Cambria County War Memorial Arena’s ice-making system has long surpassed its life expectancy.
And problems are starting to arise.
Recently the surface has become soft, especially between the blue line and the end boards on the side where the ice-resurfacing machine enters. The floor also has heaved in places. In all likelihood, the entire system, which has been used since the facility opened in 1950, will need to be replaced, according to the arena’s authority.
“No mechanical knowledge has been developed that shows any type of possible way to fix 63-year-old, rusted, corroded pipes that have gone 20 years past their life cycles,” said Tom Grenell, the arena’s acting general manager.
James Vizzini, a representative of CJL Engineering, who has helped the authority on multiple projects, added, “Certainly, everybody who spent that money back in the ’40s got their money’s worth. That’s a heck of a long time.”
Installing a new system could cost between $600,000 and $1 million.
“We believe that we can get a grant,” said Cambria County Commissioner Mark Wissinger.
Authority members plan to spend the next few months developing a plan to fix the floor, secure funding and create a schedule for the work to be done sometime next summer.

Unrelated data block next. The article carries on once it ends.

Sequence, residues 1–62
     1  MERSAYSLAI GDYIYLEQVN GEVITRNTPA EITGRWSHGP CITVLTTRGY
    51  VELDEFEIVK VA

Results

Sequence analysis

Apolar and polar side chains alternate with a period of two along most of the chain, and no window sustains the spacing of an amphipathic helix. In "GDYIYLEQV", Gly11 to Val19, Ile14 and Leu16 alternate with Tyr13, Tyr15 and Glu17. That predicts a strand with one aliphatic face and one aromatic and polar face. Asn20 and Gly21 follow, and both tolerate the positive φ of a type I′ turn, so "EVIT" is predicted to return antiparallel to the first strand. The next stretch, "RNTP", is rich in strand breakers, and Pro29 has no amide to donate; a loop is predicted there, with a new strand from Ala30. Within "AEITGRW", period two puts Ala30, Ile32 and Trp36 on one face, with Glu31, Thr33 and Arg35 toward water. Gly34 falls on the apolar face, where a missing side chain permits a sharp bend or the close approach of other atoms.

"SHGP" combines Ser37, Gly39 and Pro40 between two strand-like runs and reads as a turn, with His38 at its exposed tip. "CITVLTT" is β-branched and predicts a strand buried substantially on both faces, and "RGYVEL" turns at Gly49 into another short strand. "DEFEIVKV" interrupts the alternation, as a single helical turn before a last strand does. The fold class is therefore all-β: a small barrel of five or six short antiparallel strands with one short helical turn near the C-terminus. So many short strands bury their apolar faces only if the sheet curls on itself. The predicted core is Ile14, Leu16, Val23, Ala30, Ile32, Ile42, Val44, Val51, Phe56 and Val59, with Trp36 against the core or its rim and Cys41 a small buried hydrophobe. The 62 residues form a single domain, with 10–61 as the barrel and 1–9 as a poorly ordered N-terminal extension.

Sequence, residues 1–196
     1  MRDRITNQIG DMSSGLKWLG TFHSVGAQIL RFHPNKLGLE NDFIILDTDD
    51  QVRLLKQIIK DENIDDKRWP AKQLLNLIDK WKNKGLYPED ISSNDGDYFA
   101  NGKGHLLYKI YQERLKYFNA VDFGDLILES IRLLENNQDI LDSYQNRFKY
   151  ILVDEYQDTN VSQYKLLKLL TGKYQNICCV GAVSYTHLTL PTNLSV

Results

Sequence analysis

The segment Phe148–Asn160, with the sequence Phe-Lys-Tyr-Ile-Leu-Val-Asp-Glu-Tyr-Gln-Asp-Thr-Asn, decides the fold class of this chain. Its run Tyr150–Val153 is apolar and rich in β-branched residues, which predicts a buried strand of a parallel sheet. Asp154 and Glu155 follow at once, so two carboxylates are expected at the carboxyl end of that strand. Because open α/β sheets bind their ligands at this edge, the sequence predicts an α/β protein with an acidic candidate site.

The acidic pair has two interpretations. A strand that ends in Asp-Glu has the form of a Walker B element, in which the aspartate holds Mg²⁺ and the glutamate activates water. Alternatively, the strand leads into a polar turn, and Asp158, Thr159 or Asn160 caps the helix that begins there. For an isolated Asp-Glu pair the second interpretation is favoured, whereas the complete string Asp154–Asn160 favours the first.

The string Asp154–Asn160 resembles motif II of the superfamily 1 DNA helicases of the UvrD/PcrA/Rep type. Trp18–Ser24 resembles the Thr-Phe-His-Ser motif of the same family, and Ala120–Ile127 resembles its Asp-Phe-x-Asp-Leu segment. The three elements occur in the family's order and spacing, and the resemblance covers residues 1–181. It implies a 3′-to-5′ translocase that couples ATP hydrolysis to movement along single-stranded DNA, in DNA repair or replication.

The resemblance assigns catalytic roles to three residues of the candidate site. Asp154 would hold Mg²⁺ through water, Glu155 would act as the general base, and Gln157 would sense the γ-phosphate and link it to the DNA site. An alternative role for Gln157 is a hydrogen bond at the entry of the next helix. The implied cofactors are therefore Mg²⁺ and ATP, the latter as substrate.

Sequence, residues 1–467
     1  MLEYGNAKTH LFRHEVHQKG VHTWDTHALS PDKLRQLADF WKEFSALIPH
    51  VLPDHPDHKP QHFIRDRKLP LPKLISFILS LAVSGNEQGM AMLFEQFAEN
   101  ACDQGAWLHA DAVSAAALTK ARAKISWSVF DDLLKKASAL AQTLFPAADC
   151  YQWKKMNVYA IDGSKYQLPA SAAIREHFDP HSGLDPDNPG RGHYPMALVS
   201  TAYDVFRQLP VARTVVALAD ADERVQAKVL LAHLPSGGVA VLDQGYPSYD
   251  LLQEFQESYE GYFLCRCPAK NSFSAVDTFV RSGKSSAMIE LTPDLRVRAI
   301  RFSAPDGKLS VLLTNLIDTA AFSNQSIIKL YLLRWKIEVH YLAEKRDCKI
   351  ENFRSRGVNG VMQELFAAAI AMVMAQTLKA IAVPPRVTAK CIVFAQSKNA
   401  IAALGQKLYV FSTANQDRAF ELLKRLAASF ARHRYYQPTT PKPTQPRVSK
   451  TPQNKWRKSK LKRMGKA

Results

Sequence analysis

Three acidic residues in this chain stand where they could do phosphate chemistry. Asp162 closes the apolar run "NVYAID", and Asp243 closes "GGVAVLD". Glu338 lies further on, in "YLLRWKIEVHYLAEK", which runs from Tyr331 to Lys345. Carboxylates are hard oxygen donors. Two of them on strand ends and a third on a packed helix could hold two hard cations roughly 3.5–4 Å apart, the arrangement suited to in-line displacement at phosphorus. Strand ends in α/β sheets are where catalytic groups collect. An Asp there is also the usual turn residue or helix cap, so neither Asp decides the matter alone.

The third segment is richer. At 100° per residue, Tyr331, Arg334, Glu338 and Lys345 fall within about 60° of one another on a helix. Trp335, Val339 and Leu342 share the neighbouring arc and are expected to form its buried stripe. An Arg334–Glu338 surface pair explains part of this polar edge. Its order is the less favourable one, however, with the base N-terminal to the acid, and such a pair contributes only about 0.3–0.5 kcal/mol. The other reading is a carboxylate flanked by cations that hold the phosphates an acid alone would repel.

“I think we need to get together in a think tank, look over some of this stuff and come up with a solution to the problem,” said Dean Gindlesperger, the authority chairman.
Arena officials had been considering injecting a stop leak into the pipes at a cost of a few thousand dollars. However, the system is losing only 30 to 35 gallons of cooling solution per year. The amount is negligible, considering the system holds 5,000 gallons.
Vizzini recommended not using the stop leak because he feels it could actually exacerbate the problems.
“It doesn’t seem like that’s the real issue,” said Wissinger. “It doesn’t have a lot of leaks. It’s not losing that much.”
Grenell said the main reason for the soft surface seems to simply be the old, clogged system’s inability to get the ice cold enough.
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